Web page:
Shirt Pocket has released SuperDuper 3.6, adding compatibility with macOS 12.3 Monterey and working around issues with
asr (Apple Software Restore) replication. The backup app significantly improves performance (particularly when pruning files during Smart Update), improves handling of cloud storage under Monterey, resolves a crash in macOS versions before 10.14 Mojave when “new-style” serial numbers are used, makes various automount reliability fixes, and improves
mdworker cache folder handling. Shortly after this release, SuperDuper was updated to version 3.6.1 to fix a problem where an update wouldn’t always show when Check for Updates was selected. (Free for basic functionality, $27.95 for additional features, free update, 9.2 MB, release notes, macOS 10.10+)
I feel compelled to provide a shout-out for SuperDuper! It is simpler and easier to use than other solutions and has saved my cyber-butt on multiple occasions. Making a bootable clone of my different systems is “Super!” easy and those backups are always reliable. Insert additional gush and lavish praise here.
Decent product for what it does…but in these days of it being really hard to actually produce a bootable clone cloning a whole drive isn’t as important as it used to be. I own it as well as CCC…and frankly CCC is much more full featured. Both will…sort of…produce bootable clones but both rely on the Apple ASR utility which Apple has stated will be deprecated.
Cloning the data partition on current APFS bootable drives is a lot easier…and I for one have given up on making a bootable clone. Clone the hidden data volume instead since the whole read only sealed, signed, and delivered boot volume isn’t really needed. I do maintain bootable backup drives…but they get updated by booting from them and updating in System Prefs instead so all that signing, crypto hashing and all just happens.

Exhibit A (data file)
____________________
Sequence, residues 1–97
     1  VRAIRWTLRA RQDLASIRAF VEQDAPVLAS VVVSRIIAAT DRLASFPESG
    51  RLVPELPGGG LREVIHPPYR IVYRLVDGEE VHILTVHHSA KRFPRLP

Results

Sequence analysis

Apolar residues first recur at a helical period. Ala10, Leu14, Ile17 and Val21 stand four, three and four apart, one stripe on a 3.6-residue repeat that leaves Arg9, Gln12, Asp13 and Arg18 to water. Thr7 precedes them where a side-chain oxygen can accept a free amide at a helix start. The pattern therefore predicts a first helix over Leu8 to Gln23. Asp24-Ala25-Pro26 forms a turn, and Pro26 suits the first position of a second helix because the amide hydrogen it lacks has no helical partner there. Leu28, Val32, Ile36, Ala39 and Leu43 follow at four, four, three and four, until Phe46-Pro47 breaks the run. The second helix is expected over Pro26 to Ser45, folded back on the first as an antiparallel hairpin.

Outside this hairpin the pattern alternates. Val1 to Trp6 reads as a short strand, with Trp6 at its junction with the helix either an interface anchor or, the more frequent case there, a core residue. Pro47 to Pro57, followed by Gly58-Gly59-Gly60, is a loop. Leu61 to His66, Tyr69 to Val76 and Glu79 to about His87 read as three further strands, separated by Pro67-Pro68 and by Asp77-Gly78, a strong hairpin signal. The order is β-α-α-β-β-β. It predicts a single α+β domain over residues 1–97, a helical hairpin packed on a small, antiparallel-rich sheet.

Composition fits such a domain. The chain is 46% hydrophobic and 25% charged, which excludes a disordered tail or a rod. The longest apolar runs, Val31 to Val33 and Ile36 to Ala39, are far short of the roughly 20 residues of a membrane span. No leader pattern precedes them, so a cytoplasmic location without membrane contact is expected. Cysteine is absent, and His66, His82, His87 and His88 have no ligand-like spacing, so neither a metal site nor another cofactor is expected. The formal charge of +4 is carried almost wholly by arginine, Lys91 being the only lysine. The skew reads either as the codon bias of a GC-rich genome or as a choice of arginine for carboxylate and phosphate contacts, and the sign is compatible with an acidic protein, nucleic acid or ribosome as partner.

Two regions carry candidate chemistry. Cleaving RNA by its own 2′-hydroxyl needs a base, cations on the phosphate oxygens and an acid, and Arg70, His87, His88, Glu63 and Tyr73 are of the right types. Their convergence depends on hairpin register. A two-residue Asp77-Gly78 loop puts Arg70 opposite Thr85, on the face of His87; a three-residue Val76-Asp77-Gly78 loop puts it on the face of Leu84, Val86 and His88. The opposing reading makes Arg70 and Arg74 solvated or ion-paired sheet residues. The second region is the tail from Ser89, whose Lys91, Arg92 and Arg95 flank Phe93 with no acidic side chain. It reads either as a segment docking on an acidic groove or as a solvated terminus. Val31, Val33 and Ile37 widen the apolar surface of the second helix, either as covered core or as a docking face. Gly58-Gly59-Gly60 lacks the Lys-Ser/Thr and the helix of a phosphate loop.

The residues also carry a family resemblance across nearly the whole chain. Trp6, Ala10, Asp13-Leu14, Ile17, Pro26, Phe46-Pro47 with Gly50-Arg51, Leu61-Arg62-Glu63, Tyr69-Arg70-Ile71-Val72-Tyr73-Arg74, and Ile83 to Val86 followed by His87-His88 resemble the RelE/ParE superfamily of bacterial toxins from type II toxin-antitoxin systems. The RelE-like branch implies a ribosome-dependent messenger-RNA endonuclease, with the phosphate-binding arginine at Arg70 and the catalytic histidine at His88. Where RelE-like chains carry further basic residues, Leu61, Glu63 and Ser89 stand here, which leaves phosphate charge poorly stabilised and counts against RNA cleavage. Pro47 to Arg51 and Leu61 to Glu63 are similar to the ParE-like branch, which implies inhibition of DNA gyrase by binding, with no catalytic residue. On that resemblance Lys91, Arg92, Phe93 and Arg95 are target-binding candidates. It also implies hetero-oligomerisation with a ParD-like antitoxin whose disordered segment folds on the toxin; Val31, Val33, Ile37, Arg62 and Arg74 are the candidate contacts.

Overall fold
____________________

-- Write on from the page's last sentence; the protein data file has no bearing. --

In addition…I’ve found that for my purposes…backing up sets of folders from one place to another place is a far more flexible backup routine…in addition to TM of course as well as BackBlaze for offsite. And for cloning folders…CCC is far, far easier to configure and maintain.
SD had it’s day…but its feature set has not grown or changed much with passing of time…and the author and I had a conversation about making it easier to clone folders some years back. His statement was that he was only interested in duplicating entire volumes and had zero interest in expanding the capabilities beyond that. That’s when I started looking for something else…started with Sync and tried Chronosync and then found CCCs which just works. I’[ll keep my copy of SD until it won’t launch anymore…but I haven’t actually used it in probably 5 years so upgrading to the Apple Silicon license isn’t worth it…although others mileage certainly can and should vary.
I’m a big fan of Carbon Copy Cloner too.
The author is a clone.
I like SD exactly because of its focus and the fact that it changes little over time. No feature bloat, just razor sharp focus on getting one thing done and doing that well. If you’re a bare bones user, it even does so for free.
Thanks for the comments here. As a lazy back up person, I’ve been happy with Super’s one mission/no bloat approach but have wondered why nobody talks about Super and everyone talks about CCC. Now I know, thanks again. And to the point about the future of bootable clones…this blog post for CCC sort of, um, shows me my path forward (so I can be even lazier now w/ CCC’s features):
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